Something Expensive for the Duchess

February 12, 2012


This piece of divine beauty, all gilded silver, enamel, blue glass and emeralds masterly blended in the form you can admire, is the toilette de la duchesse de Parme whom I met personally some time ago, while I was doing my job as foreign tourist in Paris, visiting the chief museums, that is. When I first set my greedy-of-luxury eyes on its shimmery surface with minutely carved figures I couldn’t help to jump straight to it and analyze it closely. Expensive, massive objects posses magnetic powers which never fail to capture me like in a Circe charm.

So there was I, leaping around it feverishly, a young teen literally seized by the sparkling richness of the exquisite toilette, refusing for about half an hour to continue the tour through the other Salles of the Musée d’Orsay although I knew there were enough other equally gorgeous items to gaze at. I just continued to stare, passing my fingers over its magnificent shapes (I think it’s me to blame for the glass case they put it in now), reading the ivory inlaid inscriptions in words quite hard to understand because of their flourished style, watching the miniature portraits of great French ladies, Blanche de Castille, Jeanne d’Arc, Santa Redegonda or Clémence Isaure, absorbing its genuine beauty. I barely managed to leave it behind as the museum was soon closing and I realized that I shamelessly hadn’t said hello to Manet’s “Olympia“, which was the main purpose of my going to Orsay along with some Renoirs and Monets, also ignored.

Arrived home, I began to browse for more information regarding the lovely toilette, thus learning it had been commissioned around  1845 by a subscription of the Legitimist Ladies of France with the occasion of Louise-Thérèse de Bourbon ( King Charles X’s granddaughter) and duke Charles III of Parma’s wedding. The lavish gift, representing exactly the French values and the opulence they promoted, was intended to exalt the virtues of marriage guarded by twenty examples of French women renown for their piety, courage and talent whose faces are set on two jewelry cases reassembling 12th century Mosan reliquaries. Lilies and roses intertwine with delicate ivy on the decorations around the mirror, evoking conjugal fidelity.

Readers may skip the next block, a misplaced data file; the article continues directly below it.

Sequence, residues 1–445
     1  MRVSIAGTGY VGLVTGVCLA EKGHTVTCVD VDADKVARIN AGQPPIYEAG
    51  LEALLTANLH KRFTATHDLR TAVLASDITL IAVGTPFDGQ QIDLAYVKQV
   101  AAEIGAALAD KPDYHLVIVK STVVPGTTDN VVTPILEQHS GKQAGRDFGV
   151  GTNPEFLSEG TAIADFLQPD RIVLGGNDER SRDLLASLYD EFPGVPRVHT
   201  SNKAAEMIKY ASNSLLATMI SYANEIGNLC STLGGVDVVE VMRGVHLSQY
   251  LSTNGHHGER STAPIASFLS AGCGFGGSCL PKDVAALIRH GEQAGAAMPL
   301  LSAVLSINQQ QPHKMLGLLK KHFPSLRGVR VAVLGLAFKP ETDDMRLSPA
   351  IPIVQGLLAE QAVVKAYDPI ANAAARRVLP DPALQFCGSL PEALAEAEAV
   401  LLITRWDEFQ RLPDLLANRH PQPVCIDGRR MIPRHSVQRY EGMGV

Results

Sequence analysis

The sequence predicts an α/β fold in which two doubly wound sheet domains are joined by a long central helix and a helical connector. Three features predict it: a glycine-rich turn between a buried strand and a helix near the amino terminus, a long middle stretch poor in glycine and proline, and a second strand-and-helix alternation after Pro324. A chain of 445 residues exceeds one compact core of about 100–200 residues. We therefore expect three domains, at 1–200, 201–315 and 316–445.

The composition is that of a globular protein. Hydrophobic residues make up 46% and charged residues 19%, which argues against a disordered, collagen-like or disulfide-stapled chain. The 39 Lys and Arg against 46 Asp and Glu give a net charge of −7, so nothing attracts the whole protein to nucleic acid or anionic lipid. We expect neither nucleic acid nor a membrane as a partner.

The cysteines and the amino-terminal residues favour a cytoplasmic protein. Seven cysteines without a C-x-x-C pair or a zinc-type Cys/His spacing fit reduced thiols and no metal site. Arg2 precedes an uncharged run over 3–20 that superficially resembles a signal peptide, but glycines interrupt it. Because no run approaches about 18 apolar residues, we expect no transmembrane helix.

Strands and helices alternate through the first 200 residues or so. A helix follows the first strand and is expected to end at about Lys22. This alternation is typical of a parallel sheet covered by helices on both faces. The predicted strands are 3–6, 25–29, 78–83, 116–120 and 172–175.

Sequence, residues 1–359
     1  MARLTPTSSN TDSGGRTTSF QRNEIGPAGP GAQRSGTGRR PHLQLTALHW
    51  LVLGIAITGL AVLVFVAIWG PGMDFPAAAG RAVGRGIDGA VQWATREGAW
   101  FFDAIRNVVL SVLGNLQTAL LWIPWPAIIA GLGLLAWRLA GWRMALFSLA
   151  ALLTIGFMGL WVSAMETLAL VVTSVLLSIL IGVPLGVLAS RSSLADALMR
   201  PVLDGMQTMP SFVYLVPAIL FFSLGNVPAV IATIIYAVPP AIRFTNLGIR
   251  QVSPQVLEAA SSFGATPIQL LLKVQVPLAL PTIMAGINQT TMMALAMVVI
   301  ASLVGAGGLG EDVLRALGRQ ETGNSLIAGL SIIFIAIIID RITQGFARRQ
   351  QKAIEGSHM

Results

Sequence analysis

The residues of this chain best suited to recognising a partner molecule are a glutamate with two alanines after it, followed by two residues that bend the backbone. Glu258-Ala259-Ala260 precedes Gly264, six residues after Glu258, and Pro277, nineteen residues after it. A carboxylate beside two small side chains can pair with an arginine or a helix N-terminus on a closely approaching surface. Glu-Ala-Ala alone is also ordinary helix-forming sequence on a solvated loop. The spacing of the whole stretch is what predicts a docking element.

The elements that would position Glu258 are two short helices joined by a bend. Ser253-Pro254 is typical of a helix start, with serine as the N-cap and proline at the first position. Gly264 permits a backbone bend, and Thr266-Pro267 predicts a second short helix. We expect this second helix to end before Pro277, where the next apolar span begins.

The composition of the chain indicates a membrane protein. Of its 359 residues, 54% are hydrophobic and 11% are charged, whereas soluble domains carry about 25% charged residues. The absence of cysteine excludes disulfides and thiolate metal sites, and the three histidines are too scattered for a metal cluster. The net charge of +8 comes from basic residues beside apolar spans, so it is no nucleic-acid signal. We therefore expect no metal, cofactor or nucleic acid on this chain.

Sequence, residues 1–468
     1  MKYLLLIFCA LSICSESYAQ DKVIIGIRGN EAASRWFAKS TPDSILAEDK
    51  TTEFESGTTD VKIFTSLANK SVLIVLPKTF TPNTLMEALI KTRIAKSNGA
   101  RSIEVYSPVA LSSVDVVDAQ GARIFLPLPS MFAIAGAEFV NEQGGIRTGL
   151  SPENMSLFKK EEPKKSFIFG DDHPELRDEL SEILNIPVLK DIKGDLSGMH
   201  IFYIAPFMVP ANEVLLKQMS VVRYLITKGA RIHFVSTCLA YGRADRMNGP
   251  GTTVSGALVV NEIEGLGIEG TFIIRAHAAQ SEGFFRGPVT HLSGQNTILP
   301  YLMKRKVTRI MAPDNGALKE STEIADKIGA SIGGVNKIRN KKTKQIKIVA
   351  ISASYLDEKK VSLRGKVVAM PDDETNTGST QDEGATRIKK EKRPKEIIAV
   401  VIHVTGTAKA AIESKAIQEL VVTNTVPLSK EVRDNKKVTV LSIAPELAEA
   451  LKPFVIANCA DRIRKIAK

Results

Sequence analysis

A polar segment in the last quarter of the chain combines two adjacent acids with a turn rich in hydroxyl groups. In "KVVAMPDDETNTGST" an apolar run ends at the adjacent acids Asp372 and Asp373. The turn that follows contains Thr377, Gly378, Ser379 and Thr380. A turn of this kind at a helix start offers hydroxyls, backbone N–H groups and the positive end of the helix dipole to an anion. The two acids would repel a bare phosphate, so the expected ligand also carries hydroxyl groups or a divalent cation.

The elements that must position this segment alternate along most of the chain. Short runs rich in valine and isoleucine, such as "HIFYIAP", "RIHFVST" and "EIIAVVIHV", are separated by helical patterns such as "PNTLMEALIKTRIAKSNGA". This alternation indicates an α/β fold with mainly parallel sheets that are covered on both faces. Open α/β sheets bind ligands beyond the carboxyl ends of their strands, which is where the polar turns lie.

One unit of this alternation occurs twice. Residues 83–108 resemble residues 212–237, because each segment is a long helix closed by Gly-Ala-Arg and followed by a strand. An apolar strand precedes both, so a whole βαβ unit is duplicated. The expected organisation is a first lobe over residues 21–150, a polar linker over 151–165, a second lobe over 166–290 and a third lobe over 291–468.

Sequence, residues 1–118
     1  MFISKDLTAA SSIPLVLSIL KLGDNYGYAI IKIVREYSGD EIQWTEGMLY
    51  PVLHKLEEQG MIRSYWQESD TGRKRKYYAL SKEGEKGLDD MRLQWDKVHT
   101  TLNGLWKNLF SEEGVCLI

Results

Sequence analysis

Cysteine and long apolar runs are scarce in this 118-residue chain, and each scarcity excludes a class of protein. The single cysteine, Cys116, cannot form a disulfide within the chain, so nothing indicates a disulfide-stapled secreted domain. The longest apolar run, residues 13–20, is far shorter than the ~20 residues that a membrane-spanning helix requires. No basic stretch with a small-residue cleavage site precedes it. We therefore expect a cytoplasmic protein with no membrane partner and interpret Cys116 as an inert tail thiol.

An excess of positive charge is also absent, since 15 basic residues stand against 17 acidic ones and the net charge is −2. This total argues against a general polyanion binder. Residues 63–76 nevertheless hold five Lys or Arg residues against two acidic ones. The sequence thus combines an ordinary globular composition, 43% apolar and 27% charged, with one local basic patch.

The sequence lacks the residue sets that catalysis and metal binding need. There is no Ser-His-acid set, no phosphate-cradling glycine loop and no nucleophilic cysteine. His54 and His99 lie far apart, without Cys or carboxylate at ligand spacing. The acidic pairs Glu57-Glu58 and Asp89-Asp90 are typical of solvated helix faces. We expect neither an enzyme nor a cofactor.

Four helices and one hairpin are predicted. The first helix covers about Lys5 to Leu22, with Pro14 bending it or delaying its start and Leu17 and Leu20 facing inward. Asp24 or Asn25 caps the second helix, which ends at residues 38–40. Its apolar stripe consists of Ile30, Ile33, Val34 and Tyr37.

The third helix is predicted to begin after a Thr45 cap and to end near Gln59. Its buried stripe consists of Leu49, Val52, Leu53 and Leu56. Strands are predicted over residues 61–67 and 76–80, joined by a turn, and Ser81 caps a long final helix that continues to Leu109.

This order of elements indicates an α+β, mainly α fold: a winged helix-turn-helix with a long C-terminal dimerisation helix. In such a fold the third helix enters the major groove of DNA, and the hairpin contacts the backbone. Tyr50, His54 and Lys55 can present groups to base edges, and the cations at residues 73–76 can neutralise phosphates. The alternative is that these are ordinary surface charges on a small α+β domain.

A multitude of different styles were mixed and projected to blend homogeneously, from the Islamic inspired ewer with basin to the candlesticks based on 17th century bronze models.

The toilette was little more than an official present – it incorporated the very essence of the French mentality, history and art, a token, a reminding of Louise-Thérèse ‘s origin when she’ll be moved to Italy, in a region marked by political tension and reluctant to modernization or in the face splendor.

The affluent display of putti sculpted in Renaissance manner, the realistic flowers and numerous fineries must’ve been inappropriate for a duchess whose power wasn’t approved by the authority of the city, but they represented modernity with ancient basis. Surely Louise-Thérèse  enjoyed the gift and the others coped with it.

The toilet chest was completed finally in 1851 and sent to London, Crystal Palace, the same year, where it was presented at the World Fair, strange destiny for such a piece.


The eclecticist ensemble, exponent of the Second Empire’s ideals, caught the attention of a French journal, “Opinion Publique“, that wrote:

“Imagine a walker fine, graceful like your bracelet, like your pin, like your ring, but as big as a coach, imagine this enormous jewel covered with branches and leaves, birds, of inscriptions, emblems of all sorts, and add to everything that the imagination can more freely invent Inspired by nature, all that art and reason can dream if a heart and guide, when intelligence leads them; then you will not even have an imperfect idea of what the ladies of France will offer to His Royal Highness the Duchess of Parma.”

A majestic description of a precious masterpiece which keeps astonishing people hundreds of hears later.

You might not believe in its enchantment, but if you’ll ever stumble across it in the Salle des Fêtes at Musée d’Orsay you’ll certainly freeze before this gigantic monument of wealth. The sensation is blissful.


2 Responses to “Something Expensive for the Duchess”

  1. bennythomas Says:

    You mean to say, you could access to all the museums V&A d’Orsay et al as Foreign Tourist ! wow. Even walking through these for me were one-in- a lifetime experience. I remember these as milestones in my cultural life,- Beardsley exhibition in V&A and 200 th anniversary of French Revolution at Vincent’s Road I think were all important. Your post brought it all to me- I have been very much onto Medici and French history in general. Lully, the duchess of Montmorency of previous post. Interesting read and thanks.

cat got your fingers? then type something!

Fill in your details below or click an icon to log in: Logo

You are commenting using your account. Log Out /  Change )

Google+ photo

You are commenting using your Google+ account. Log Out /  Change )

Twitter picture

You are commenting using your Twitter account. Log Out /  Change )

Facebook photo

You are commenting using your Facebook account. Log Out /  Change )


Connecting to %s

%d bloggers like this: